Aotearoa's Blackcaps have emerged from their 'easing in' period of the World Cup with three wins from three games, successfully easing into their campaign after a third win over Afghanistan. Two clear trends have emerged from the three games; Kane Williamson and Ross Taylor scoring the runs, while the wickets are shared by a versatile bowling attack. Throw into the intrigue mixer that the Blackcaps have chased in all three games, meaning we are yet to see them set a target and it's still niggly to genuinely assess where the Blackcaps are at.
Chasing 173 against Afghanistan, Martin Guptill got a quacker and Colin Munro worked his way to 22 off 24 balls. If you thought that Guptill and Munro would be licking their lips after their dismantling of Sri Lanka's bowling attack, knowing that they would come up against two fairly similar bowling attacks, it hasn't quite panned out that way. Keep in mind that Rashid Khan wasn't in action for Afghanistan and now we don't really know what kind of form the two openers are carrying into the main course.
We know that Williamson and Taylor are alright. Williamson has 119 runs from 2 innings and Taylor has 130 runs from his 2inns, which is the perfect start for such key batsmen. The only thought here is that we'd rather rely on these two to get runs against the big dawgs, hoping that others would step up against the slightly weaker teams. To counter that though, Williamson and Taylor have twice stopped the flow of wickets, halting a heap of momentum that Bangladesh and Afghanistan earned.
The first three games have done little to fill the jug with confidence about what the entire Blackcaps batting unit can do. It would be lovely to see different blokes scoring runs ... and not chucking their opportunity away, but the Blackcaps have been dished up the same scenario three times in a row in terms of their batting innings.
With the ball, it's been completely different as Matt Henry had two delightful games, then Jimmy Neesham enjoyed a Taunton pitch with more bounce to take 5w @ 3.10rpo. Last time I put a low key focus on Lockie Ferguson, who was simmering beneath Henry and he also commanded attention with 4w @ 4.03rpo vs Afghanistan.
Right now, the three leading wicket-takers are Blackcaps; Ferguson with 8w @ 12.37avg, Henry with 7w @ 18avg and Neesham is the best of the five bowlers who have 6w, averaging 12.66. Trent Boult has been pretty damn steady without the abundance of wickets and Tim Southee has been low on ODI form for a while, but no one would have thought that if three Blackcaps bowers led all wicket-takers at this World Cup, neither Boult nor Southee would feature there.
That offers us a great point from which we can look forward from as we will now see which of those three bowlers can kick on and stay among the best World Cup bowlers. Maybe Southee is injected into the team and goes bonkers, maybe Boult hits some form or maybe we are watching the legit emergence of Henry or Ferguson as a breakout star of this World Cup. How these bowling pieces come together, from this point is going to be fascinating.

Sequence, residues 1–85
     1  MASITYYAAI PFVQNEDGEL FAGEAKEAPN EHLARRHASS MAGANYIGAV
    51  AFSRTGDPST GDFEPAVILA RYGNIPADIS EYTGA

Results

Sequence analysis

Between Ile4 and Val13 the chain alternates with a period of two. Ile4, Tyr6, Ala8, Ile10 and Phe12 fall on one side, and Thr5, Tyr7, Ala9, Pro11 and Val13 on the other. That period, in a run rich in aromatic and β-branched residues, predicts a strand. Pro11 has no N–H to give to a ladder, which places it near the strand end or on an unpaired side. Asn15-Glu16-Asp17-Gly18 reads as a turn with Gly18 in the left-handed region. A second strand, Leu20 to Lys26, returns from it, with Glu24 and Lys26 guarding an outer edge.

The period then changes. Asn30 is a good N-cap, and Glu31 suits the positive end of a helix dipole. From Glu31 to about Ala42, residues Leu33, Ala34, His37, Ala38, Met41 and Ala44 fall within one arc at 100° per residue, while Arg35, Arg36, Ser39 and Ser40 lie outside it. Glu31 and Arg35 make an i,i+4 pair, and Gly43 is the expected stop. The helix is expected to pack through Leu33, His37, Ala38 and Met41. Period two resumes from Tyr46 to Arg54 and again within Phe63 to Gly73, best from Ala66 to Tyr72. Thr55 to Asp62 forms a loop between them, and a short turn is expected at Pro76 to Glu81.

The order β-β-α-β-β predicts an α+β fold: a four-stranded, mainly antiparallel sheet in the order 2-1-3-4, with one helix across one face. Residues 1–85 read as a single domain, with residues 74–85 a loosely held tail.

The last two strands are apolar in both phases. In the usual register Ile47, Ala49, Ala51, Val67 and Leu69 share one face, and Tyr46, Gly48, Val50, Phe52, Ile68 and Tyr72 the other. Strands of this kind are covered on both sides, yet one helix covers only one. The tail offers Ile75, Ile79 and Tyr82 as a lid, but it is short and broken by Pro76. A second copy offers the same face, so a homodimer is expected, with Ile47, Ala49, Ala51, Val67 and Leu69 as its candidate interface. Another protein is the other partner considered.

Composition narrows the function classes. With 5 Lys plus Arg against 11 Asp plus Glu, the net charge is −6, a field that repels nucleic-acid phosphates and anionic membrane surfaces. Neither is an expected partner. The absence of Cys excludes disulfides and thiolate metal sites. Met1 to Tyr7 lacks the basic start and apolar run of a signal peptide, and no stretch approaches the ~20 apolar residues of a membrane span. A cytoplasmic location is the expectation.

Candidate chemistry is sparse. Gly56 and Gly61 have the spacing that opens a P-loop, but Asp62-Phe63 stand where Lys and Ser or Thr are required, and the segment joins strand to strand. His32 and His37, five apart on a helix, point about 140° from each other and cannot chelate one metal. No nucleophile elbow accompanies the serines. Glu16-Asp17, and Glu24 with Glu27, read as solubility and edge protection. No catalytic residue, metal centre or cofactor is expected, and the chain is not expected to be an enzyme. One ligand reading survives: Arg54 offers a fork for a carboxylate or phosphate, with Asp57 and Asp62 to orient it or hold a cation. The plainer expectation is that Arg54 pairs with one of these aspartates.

Neesham? Attacking batsmen on a bouncier deck than usual, plays into Neesham's skillset nicely and I doubt many of the Afghan batsmen would have faced Neesham before. That is to say that I'm leaning towards this being a high water mark for Neesham's bowling, most evident in the fact that Neesham was given the ball early in the innings to exploit those conditions.
I have no doubt that Neesham will chime in with crucial wickets, if the Blackcaps do get on a roll of wins. I don't believe such wicket-taking is sustainable for Neesham as the quality of opposition increases, although it doesn't need to be and with Neesham getting a dose of confidence, he's in a nice spot to contribute with those few wickets here, few wickets there.
Much of the weirdness sits in the absences of Southee and Nicholls. All that uncertainty about team selection and combinations heading into the World Cup, hasn't been solved and has instead morphed into this situation with Southee and Nicholls. There is a very strong case to be made that the team from the first three games, is the 1st 11 and the level below that is to say that it would be difficult to change a winning team knowing that there will be a step up in opposition.
It would be very, very awkward to suddenly bring in Nicholls as an opener ahead of Munro after those three games. Munro at least deserves a crack against India and the middle order hasn't had enough to do for someone to lose their spot to Nicholls.
There's little case to be made for Southee coming in for either Henry or Ferguson, considering their standing in the World Cup so far. Mitchell Santner didn't even bowl today and Ish Sodhi may as well be in that same bracket as Southee and Nicholls as he's a viable option depending on conditions, but again, based on the three games we have seen, it would be awkward to drop anyone.
I'll come back with some preview thoughts for this game vs India overnight Thursday, for now we are in an exciting but weird spot. The Blackcaps have won their first three games of the World Cup and yet we are none the wiser as to the best combinations and true scope of what this team could do. That's what you get from an opening stanza featuring three games against the weaker sub-continent teams and while there's an immense job done vibe from that stanza, shit is about to get real.
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